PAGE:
[RDD] Remote "Board Op" from within RDAirPlay

Cowboy curt at cwf1.com
Sat Jun 3 17:19:42 EDT 2017


 I'm gonna cut down some of the quotes of quotes of quotes...

On Saturday 03 June 2017 03:28:16 pm drew Roberts wrote:
> Lorne,
> 
> thanks for the input. Not sure we want to go this way, but I will comment
> on my thinking for the future and for the benefit of any interested parties
> anyway.
> 
> On Sat, Jun 3, 2017 at 12:49 PM, Lorne Tyndale <ltyndale at tyndaleweb.com>
> wrote:

> > -Have your "remote" with the ability to VPN into your "station" network
> > and see your Rivendell server
> >
> 
> This should be doable.

 Easily do-able.
 ssh tunnel, or if there's a firewall involved a reverse ssh tunnel. 
 VNC can be a wonderful tool, but it's only a tool.

> > -Set up your "remote" rivendell machine with a full copy of Rivendell,
> > but accessing the database on the main server.  For this to work, you
> > might need to have a local copy of /var/snd - I've run into challenges
> > getting a fast enough mount when at a remote location, but it might work
> > via a mount too

> I would not want to try a mount, but a local copy that was kept up to date
> every night should be doable.

 Depends on the bandwidth of the connection.
 On a 10BaseT probably not. On a 100BaseTx maybe.
 Across a public internet, no !

> > -Set your "remote" machine to use the Core Audio Engine on the main
> > server back at your station (rdadmin --> Manage Hosts --> Core Audio
> > Engine).

> Either all of my Rivendell systems are too old to have this setting or it
> is not there in the chain.

 Probably, your stuff is old, but again, consider the bandwidth of the link.
 I have 14 ( virtual ) machines using 4 sound cards generating 14 streams.
 It does work, but it's at bus speed.
 Remote... uh... maybe. Probably not with today's tech.

> The question is, where will it pull the wav file from? The studio's
> /var/snd, or the local /var/snd. 

 The way it was outlined, the local sound file through the local airplay
 using the remote sound card.
 Quite workable, we do it, but we're doing it across a gigabit network
 through all of one ( count 'em... ONE ! ) gigabit switch.

> > -when you want the jock to go "live" from the remote, you simply have to
> > make RDAirplay stop (just as you would when in the studio) and turn on
> > the remote mic.  The OpenOB Send will send your mic audio back down the
> > pipe to your studio and out to your output (since it doesn't go through
> > Rivendell at all it'll also have the added bonus of creating a
> > mix-minux)

> I will have to think this last bit all through very carefully.

 And again, consider the bandwidth of the link, and the latency.

> This is where we are with our thinking / testing so far:
> 
> (I just thought of a problem arising from the fact that our "real" machine
> has an ASI card while our "test" machine does not.)

 I'm not sure that's necessarily a problem, unless you have an Livewire
 ASI card ?



> What we are trying to get smooth:
> 
> As the song is fading down, the bed should fire low and fade up (with
> overlap if we get it right.)
> 
> We talk, talk, talk, as the bed plays.
> 
> When we are done, we click on S:1 C1 R3 -> End Remote: Plays cart 050003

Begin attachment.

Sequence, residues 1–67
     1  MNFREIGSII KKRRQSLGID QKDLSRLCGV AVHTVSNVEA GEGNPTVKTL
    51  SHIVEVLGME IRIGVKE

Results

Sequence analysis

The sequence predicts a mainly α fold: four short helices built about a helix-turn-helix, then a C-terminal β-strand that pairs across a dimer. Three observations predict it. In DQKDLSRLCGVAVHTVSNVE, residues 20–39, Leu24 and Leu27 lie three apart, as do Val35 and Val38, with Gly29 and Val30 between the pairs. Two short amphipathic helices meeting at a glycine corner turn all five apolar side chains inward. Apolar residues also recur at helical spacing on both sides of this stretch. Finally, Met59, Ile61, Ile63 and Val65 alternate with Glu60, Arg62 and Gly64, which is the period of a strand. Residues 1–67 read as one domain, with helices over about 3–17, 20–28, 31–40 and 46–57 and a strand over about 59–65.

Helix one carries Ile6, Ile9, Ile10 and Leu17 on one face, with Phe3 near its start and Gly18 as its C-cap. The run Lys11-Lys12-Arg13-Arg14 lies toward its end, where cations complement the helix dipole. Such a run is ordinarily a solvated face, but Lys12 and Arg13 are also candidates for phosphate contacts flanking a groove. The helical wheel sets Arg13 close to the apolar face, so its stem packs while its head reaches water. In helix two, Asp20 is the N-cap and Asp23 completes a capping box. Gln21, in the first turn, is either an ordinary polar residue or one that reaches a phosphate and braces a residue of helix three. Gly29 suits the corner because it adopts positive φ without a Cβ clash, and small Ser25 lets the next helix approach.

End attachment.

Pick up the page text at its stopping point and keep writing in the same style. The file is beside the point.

> 
> What we are trying to get smooth:
> 
> We want the bed to fade down and end and the next song in the log to fire
> and fade in as the bed is fading down.

 If I wanted to do this unattended, I would do it the way I've done it in the past,
 which depends on an audio "processing" chain with a reasonably wide
 dynamic range, and a fair amount of controllability.
 If you can control the slew, and especially the slew rate, you're in heaven !

 If you're doing mono, and you have processors available that will do true
 dual mono, but also have a "linked stereo" mode, it gets really, really easy.
 It's still do-able even if you don't.
 The "trick" is understanding that if you have an AGC with a 40db input range,
 you can play a bed at -30, feed mic at -10, the bed will be "faded down" 20db
 by the following AGC transmitter processor.
 When the announcer stops talking, the music is faded up 20.
 Follow all this with a transmitter processor, so you get consistency at the
 final output, and you'll like the results, provided you can tweek the attack and
 decay times independently, else you'll get pumping.
 You don't want it to pump if the announcer takes a breath.
 Very fast attack, but very slow release. Exactly how fast, and how slow,
 will take a little practice.

 It's real do-able in mono.
 You feed one source into L and another into R ( obviously enough ) but you
 also mix the L+R output back to mono.
 The linked stereo mode has the higher input level controlling the fade of both.
 I ran WSLR this way for many years, and got nothing but compliments
 on the way it sounded so "live" when it was most certainly automated.

 Do keep in mind, like tweeking any audio processor, if you get one parameter
 wrong, "train wreck" is an understatement.
 If you want it to sound like a cat dying, I can tell you how to do that, too.
 If someone accidentally leaves a mic open, well, see "train wreck" above.

 Also, if you have all the pieces parts, AND you happen to be in the Caribbean,
 and will pay expenses, I'll come show you for free !
 ( see, I really *AM* easy to get along with ! )

-- 
Cowboy

http://cowboy.cwf1.com

Absurdity, n.:
	A statement or belief manifestly inconsistent with one's own
opinion.
		-- Ambrose Bierce, "The Devil's Dictionary"


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